bad conscience & the persistence of memory
By Diogenes ( articles ) | Mar 29, 2007
Luther surely spoke very good sense when he compared humanity to a drunkard who, after falling off his horse on the right, falls off it next time on the left.
-- C.S. Lewis
OTR made recent mention of Jody Bottum's First Things article on the emergence in the U.S. of a "thin" Catholic culture and the contempt for the post-Conciliar flake-out that provides its impetus yet at the same time makes it vulnerable to counter-attack. "A rebellion against rebellion doesn't escape the problems of rebellion," says Bottum, "and a chosen tradition is never quite the same as an inherited one." Approaching the problem from the perspective of the in-between generation, Barb Nicolosi asks whether there is anything worth salvaging from the wreckage and, if so, how we might find it. Some excerpts from her post:
I see in the generations now wresting power from the Boomers, the inclination to set back the clock to before all the insanity started. I think this inclination is only going to gather momentum in the next few years. Some of this is fueled by rage at having so many things jammed down our throats ... The lesson that the Rebellious Generation has never learned is that, just because people fall silent, does not mean you have won them over. It just means that they are waiting for their moment. Knowing that eventually all tyrants fall.
History tends to move in pendulum swings. I am afraid that when the Boomers pass, the pendulum will swing away from everything they advocated. It will no doubt be enough to win an argument in a few years to be able to say, "Well, that was one of those stupid things they used to say in the 70's."
Barb's at her best when exasperation has put her out of the running for Miss Congeniality, and she knows it, and is past caring, and lets the competition have it in the mid-section with a 12-gauge. Her vexations seldom spoil her aim.
I know I must be missing some really positive great things that have come from all the Boomer's innovations in the Church. But I don't think we are going to be able to save those unless we have a real, real, real serious "Come to Jesus Moment" on the part of the grey-haired revolutionaries. I think the Baby Boomer Crusaders need to shake off the self-righteous denial and help us out here by admitting where they went wrong. They need to say, "We over-stepped here." "We lost a value there." "This was a big mistake. HUGE."
I've suggested elsewhere that some persons are warped by abrupt emancipation as incurably as others are by prolonged imprisonment. The admissions Nicolosi is looking for won't be forthcoming, because those from whom they're due are psychologically incapable of making them. By "incapable" I don't mean "too proud to admit mistakes"; I mean impossible in the way stroke victims find certain speech acts impossible. Whatever it is in the psyche that connects perception and execution just isn't there. Too often, perception is absent as well.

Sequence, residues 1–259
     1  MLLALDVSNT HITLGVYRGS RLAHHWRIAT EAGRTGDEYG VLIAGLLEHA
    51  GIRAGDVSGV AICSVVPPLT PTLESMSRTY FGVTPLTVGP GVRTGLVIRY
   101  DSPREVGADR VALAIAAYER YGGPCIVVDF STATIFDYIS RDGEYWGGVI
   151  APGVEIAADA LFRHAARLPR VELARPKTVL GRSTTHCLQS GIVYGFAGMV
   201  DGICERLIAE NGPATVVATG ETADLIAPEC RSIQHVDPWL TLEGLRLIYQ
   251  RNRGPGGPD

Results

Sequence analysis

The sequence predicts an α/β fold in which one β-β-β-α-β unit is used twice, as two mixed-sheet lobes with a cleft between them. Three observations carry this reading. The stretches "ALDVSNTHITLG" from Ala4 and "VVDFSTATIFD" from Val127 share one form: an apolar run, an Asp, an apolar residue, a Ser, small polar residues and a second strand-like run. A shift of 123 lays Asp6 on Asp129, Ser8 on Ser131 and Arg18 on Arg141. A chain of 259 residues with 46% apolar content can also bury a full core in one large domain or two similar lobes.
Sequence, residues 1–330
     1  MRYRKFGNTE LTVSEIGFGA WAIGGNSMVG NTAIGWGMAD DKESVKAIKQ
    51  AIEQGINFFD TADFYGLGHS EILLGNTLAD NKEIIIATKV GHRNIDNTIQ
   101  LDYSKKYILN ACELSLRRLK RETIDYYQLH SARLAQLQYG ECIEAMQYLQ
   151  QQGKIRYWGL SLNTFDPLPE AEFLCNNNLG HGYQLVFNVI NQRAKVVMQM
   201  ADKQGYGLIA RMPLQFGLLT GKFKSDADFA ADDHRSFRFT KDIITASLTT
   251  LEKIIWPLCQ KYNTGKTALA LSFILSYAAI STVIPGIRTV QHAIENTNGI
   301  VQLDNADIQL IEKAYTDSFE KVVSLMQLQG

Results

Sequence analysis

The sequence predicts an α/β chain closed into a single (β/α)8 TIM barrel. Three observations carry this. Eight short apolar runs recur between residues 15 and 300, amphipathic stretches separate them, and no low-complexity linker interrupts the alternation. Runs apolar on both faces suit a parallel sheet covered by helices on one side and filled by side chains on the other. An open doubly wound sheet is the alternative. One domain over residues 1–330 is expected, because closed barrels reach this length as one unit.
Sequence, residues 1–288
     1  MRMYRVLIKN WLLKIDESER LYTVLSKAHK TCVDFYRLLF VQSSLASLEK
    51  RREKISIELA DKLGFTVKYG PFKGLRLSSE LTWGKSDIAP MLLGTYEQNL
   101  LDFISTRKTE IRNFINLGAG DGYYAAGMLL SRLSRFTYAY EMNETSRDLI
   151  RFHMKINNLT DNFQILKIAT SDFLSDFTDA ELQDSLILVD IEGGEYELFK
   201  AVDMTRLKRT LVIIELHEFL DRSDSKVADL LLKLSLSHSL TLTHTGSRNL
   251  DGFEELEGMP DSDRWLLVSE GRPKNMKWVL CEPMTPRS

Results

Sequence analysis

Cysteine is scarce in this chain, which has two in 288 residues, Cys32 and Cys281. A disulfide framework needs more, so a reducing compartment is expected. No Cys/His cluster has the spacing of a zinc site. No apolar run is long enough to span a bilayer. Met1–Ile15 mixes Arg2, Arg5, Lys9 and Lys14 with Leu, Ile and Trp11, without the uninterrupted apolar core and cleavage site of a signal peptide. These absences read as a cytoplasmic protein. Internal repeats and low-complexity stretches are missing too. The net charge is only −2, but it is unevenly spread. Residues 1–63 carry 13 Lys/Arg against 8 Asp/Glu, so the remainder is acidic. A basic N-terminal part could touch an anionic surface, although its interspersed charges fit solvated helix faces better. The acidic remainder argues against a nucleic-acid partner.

At one point Nicolosi touches on a peculiarity of the post-Conciliar period that most unsympathetic observers will recognize: that almost panicky insistence on immediate innovation. It's not easy to account for, given the virtual monopoly on the decision-making apparatus the innovators enjoyed at the time.
I was stunned reading [Ann Carey's Sisters in Crisis] to remember the constant, soul-wracking, nightmare inducing upheaval of being a postulant, novice and junior in the 80's. It is amazing, in retrospect, how incredibly fast and unreflective the changes came down in my own community, the Daughters of St. Paul. And it was even more ridiculous because we had the model of the other failed communities that had already revolted themselves into irrelevance before us. But the Boomers were out of their minds in a way. I remember them being kind of manic in making the changes happen urgently fast. If I could ask them anything today it would be, "What the hell was the rush?!?"
Revolutionaries, once they've put the ancien régime to the guillotine, realize at some level that the victims easiest to catch and behead were seldom those most guilty of the oppression the insurrection was meant to cure. This means that, with the old power toppled, the main threat to the new order are associates of more tender conscience who remember the injustices inflicted by, not upon, the revolutionaries -- injustices rationalized at the time as necessary for the success of the revolution. Hence the secondary (and usually protracted) frenzy to eliminate the road back. When the revolution is cultural rather than civil, almost any surviving custom or symbol or figure of speech can be a bearer of the kind of memory the innovators detest. They are not gradualists. It has to go now.
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